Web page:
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Cookies, but not the ones you eat

If you’re an active internet user you probably came across internet cookies. Whenever you enter a new website that you have never visited before, a small pop-up window comes up and tells you about its cookies. You can then accept it, personalize on how the cookies should be used or not accept at all and leave the page. To blindly click the “agree” button without even reading the guidelines is something we all have done, haven’t we? Been there, done that. In this article we try to explain what cookies are, what they do and why a browser needs them.

What are cookies?

Cookies are named like this since 1994, when a team of developers was trying to make online shopping easier. What they wanted to achieve was that the online shopping websites would remember the personal data of the customer in order to remember their interests, save their products for example in a shopping bag and just generally remember what they want to buy. The only way they could do that was to have a text file saved on the customer’s computer.

It‘s an allusion to fortune cookies: internet cookies bring up a message every time you click on a new website, the same way a message comes up when you crack up a cookie.

Cookies (they are called in various ways such as internet cookies, browser cookies, web cookies or HTTP cookies) are pieces of information made out of letters or numbers that are put together in one file. This file gets sent from the website that you are looking at, to the browser and computer you are using (where the information gets stored) and then back to that specific website. All the cookies you can find are unique and enable the website to work better and remember certain information about you. They help to keep track of your visits and activity. Cookies do not transfer viruses to your computer, the data of the cookies does not change during its travels on the internet and on the computer. Cookies are most commonly used for session management. There your login information gets saved and that makes it really easy that you don’t have to type in your credentials every time. Then cookies are used for personalization, which means they save data such as age or your interests. Cookies are also used for tracking. Website owners can create statistics and create target audience groups based on the usage of the people in order to show personalized advertisements.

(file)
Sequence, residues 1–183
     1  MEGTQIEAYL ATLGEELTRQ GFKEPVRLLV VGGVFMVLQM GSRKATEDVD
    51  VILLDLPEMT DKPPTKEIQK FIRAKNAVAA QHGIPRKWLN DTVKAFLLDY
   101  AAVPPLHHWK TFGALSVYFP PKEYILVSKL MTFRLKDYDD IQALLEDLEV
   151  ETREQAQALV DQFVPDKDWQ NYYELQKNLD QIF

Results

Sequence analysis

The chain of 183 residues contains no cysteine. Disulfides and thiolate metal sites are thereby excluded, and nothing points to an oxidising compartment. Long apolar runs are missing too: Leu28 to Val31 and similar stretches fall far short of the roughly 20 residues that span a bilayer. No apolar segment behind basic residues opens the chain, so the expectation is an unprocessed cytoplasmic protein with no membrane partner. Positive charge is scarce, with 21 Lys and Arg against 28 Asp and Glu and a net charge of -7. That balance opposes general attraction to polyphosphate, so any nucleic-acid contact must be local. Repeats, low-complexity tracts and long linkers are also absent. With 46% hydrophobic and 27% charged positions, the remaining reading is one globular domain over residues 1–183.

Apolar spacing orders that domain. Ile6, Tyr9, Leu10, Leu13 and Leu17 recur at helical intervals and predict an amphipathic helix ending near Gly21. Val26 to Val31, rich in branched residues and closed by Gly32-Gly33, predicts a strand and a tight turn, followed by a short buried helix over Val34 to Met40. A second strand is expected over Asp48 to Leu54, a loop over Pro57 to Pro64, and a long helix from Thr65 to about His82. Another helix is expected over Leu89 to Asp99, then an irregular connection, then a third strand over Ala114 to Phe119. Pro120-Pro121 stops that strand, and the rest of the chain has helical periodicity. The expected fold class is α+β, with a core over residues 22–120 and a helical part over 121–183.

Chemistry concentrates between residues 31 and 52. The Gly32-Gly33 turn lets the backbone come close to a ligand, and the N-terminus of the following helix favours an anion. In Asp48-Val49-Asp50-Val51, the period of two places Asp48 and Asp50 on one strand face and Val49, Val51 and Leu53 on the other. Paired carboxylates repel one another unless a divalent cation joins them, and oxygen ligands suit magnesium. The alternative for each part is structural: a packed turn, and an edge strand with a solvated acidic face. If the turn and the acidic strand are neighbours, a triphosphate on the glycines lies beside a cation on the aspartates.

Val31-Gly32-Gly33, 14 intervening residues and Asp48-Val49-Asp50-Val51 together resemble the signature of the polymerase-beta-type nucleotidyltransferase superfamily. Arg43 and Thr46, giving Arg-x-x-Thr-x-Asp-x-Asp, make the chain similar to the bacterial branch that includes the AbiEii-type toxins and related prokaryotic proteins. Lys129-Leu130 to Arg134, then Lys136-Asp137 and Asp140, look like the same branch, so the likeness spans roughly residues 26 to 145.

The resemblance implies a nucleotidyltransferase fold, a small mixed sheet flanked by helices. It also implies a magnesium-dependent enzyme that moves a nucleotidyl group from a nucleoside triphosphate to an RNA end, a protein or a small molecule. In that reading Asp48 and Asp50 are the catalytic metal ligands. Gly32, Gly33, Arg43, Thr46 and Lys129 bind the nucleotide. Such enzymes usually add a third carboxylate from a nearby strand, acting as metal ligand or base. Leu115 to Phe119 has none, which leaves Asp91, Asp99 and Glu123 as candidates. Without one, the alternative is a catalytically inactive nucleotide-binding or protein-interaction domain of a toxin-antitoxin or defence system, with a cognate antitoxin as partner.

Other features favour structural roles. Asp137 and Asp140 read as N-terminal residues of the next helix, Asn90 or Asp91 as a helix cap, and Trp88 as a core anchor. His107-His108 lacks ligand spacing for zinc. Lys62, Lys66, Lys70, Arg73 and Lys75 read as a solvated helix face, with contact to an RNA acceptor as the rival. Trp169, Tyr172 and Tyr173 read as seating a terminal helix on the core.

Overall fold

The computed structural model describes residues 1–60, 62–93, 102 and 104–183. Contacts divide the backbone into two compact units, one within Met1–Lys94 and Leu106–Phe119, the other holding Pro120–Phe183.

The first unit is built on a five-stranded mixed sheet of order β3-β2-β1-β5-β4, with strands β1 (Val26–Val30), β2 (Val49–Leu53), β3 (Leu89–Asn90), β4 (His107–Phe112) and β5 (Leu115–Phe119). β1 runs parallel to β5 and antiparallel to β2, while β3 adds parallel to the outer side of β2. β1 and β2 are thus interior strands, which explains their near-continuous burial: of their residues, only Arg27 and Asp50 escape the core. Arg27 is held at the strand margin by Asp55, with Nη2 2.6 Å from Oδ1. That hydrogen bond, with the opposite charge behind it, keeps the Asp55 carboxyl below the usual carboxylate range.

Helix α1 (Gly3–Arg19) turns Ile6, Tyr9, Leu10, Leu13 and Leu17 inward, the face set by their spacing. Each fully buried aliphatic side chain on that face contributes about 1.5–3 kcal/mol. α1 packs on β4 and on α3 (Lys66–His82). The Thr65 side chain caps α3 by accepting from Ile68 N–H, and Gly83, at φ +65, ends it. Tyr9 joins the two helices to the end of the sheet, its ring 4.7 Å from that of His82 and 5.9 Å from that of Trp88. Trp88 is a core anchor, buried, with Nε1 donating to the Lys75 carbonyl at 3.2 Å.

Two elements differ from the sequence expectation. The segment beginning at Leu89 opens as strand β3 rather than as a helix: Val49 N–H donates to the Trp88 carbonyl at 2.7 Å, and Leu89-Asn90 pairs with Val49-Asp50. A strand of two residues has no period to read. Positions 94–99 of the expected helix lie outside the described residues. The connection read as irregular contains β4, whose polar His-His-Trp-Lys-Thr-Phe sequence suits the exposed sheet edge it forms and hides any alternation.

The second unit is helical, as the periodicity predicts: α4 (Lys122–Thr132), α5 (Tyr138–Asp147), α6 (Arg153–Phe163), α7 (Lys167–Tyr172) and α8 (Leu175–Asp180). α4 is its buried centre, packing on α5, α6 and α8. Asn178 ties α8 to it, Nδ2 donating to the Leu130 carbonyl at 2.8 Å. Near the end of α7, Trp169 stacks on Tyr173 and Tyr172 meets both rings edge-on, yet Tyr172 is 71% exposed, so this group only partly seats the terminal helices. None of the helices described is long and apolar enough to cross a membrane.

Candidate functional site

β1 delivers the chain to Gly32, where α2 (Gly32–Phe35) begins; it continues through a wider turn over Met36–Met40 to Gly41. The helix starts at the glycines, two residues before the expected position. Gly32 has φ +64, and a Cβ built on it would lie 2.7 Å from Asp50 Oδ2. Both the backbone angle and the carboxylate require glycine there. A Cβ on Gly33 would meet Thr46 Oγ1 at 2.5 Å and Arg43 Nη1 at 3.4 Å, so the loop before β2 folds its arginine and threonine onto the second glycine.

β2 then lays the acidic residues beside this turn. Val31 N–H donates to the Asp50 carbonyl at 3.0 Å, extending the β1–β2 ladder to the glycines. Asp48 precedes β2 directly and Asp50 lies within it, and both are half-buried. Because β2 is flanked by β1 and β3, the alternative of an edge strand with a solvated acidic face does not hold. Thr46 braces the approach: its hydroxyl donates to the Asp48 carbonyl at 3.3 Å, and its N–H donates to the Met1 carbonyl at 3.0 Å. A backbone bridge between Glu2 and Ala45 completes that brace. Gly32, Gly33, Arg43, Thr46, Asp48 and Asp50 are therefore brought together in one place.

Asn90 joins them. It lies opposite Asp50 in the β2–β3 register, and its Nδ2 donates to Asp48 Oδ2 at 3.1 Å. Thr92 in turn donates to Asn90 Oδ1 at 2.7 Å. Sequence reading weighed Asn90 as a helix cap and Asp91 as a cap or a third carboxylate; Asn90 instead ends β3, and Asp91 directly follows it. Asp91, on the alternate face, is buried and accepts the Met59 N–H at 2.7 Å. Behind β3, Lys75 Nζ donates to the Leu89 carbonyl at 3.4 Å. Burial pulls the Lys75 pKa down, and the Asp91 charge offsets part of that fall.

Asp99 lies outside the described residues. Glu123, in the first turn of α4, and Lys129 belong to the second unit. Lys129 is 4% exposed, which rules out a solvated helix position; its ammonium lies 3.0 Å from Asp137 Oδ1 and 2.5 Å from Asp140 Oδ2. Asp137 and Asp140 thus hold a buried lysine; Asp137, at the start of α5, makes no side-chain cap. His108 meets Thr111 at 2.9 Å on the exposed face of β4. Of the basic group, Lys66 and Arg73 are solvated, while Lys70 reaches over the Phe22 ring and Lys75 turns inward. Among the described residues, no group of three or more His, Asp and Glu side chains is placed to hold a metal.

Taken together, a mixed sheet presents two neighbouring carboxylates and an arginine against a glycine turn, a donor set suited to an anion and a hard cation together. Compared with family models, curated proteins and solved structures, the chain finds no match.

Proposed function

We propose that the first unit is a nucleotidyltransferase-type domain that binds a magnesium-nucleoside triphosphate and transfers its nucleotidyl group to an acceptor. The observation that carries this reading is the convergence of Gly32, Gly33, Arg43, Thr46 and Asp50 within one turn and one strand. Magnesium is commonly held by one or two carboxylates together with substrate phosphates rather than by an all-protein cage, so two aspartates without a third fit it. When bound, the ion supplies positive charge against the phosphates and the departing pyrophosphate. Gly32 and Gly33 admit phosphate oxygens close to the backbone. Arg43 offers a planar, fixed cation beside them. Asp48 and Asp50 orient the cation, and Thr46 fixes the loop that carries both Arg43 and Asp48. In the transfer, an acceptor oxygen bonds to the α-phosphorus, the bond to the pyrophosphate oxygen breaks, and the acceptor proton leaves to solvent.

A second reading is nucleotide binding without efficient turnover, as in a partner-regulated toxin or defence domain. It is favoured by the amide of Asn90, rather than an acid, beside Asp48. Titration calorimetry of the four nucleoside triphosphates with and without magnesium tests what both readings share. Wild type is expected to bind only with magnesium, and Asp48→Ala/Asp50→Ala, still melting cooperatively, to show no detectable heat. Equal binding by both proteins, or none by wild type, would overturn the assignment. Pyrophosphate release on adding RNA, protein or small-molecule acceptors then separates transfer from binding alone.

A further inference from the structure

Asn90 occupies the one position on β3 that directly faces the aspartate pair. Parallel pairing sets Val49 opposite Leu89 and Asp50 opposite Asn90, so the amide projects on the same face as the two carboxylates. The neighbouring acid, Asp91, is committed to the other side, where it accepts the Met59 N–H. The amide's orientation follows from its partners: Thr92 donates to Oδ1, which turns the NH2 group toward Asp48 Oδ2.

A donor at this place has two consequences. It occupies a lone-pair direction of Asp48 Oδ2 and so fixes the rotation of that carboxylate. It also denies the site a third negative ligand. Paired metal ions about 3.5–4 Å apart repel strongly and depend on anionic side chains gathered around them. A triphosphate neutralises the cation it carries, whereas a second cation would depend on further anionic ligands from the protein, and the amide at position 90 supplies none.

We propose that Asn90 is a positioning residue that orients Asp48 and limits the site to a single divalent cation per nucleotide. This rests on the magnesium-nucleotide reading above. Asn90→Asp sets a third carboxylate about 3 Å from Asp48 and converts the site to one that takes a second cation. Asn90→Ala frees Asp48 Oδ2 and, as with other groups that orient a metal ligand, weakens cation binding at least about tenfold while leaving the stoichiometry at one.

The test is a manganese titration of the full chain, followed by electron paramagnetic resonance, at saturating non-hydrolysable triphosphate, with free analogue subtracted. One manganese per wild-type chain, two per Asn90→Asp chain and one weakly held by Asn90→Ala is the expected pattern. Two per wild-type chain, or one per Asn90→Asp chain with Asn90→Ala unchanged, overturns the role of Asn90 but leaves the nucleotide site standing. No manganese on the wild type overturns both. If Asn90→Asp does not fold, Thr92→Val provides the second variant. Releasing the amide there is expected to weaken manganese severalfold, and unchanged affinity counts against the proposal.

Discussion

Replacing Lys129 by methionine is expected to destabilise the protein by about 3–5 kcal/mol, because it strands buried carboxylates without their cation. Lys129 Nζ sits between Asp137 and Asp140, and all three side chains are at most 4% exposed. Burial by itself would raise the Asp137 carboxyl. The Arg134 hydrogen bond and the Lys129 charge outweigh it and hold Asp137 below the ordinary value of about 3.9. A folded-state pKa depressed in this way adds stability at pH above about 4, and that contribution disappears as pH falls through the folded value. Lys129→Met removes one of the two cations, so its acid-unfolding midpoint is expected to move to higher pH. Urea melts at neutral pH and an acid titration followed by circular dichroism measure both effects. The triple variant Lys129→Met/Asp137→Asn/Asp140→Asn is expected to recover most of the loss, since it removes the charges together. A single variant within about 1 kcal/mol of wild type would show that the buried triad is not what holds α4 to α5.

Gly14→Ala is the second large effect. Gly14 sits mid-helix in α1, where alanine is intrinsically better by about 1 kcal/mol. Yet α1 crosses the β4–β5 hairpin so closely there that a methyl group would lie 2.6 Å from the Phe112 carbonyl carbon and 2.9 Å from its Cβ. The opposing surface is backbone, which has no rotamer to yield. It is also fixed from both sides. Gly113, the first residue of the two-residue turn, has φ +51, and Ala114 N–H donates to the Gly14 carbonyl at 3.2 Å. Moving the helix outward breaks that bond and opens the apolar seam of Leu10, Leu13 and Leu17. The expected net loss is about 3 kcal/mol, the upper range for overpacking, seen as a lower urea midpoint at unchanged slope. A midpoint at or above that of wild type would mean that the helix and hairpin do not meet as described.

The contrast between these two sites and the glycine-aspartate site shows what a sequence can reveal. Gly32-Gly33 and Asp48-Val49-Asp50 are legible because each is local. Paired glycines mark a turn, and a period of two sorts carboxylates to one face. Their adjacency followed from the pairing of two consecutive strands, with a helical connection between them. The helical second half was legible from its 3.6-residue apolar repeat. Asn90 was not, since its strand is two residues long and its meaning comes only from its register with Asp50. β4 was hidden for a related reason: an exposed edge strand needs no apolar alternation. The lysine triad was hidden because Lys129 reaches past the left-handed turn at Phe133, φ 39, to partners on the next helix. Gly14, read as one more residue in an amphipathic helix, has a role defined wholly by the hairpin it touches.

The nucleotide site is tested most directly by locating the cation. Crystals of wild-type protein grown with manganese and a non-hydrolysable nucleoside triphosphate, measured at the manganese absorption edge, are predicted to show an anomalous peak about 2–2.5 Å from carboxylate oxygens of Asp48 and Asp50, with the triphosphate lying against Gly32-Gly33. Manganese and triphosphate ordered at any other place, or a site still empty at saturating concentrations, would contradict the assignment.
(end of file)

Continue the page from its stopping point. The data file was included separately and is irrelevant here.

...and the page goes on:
There are many types of different cookies. First off we have the session cookies, which only store your information temporarily, only when you start and end the session or when you open and close the browser. After that cookies are automatically deleted, these cookies save for example the items you put into a shopping cart. Then there are the permanent cookies that get stored on your hard drive until you delete them. These are the ones that save your login data. Last but not least the first and third-party cookies. The first-party cookies come from the website you are on. If you visit Digital Ecology, for example, a cookie of its domain can directly be saved on your computer. Third-party cookies are cookies from other websites and can be used for cross-site tracking, targeting or advertisement.  Did you ever look up a cooking recipe and then suddenly you find similar ads to that on other pages or applications? Those are the third-party cookies. By agreeing to that not only one website can have access to your information but others can too.

Sounds scary? It is all a question of who can access your data!

Usually the domain of the website you visit can read your information, but you don’t have to be alarmed, neither is it going to put you in danger nor will it put a virus on your computer. Still there are side-effects to third-party cookies, like when multiple domains have access to your information. Be aware of two types of tracking cookies: the super cookies and the ones tied to domains ending in “.com” or “.org”. These cookies have much more power and freedom to access your personal data, but most of our commonly used browsers block those. Also be aware of zombie cookies, which are recreated automatically even though you deleted them. To completely delete them you need to delete the flash cookies that recreates the zombie ones. You should be able to do that through privacy settings on your browser. Talking about privacy settings: normally you should be able to review and manage all your cookie settings there. The European Union Companies or the ones that do business in Europe with european customers have to follow certain laws that manage the cookie use, that state that it is necessary to do a pop-up banner, to inform that there are cookies and to not use the personal information without its user permission. It’s difficult to navigate completely without cookies as they became a basic tool for modern browsing. However, by limiting the third-party and tracking cookies you can protect your privacy.

That being said: cookies seem really confusing, because we don’t take our time to read them, and we would not even really understand what the small print says. But after some information and some general knowledge about them, cookies seem more harmless than they have appeared to be. Of course, the total privacy is never given once we go online, but at least we can manage how we want the cookies to be used and can still delete or change them. Protect your data and enjoy a glass of milk and some real cookies. After all, the only thing we have to worry about in that case is to not eat the whole package. 

-Julia Lardschneider

FONTI

https://clearcode.cc/blog/difference-between-first-party-third-party-cookies/

https://us.norton.com/internetsecurity-how-to-what-are-cookies.html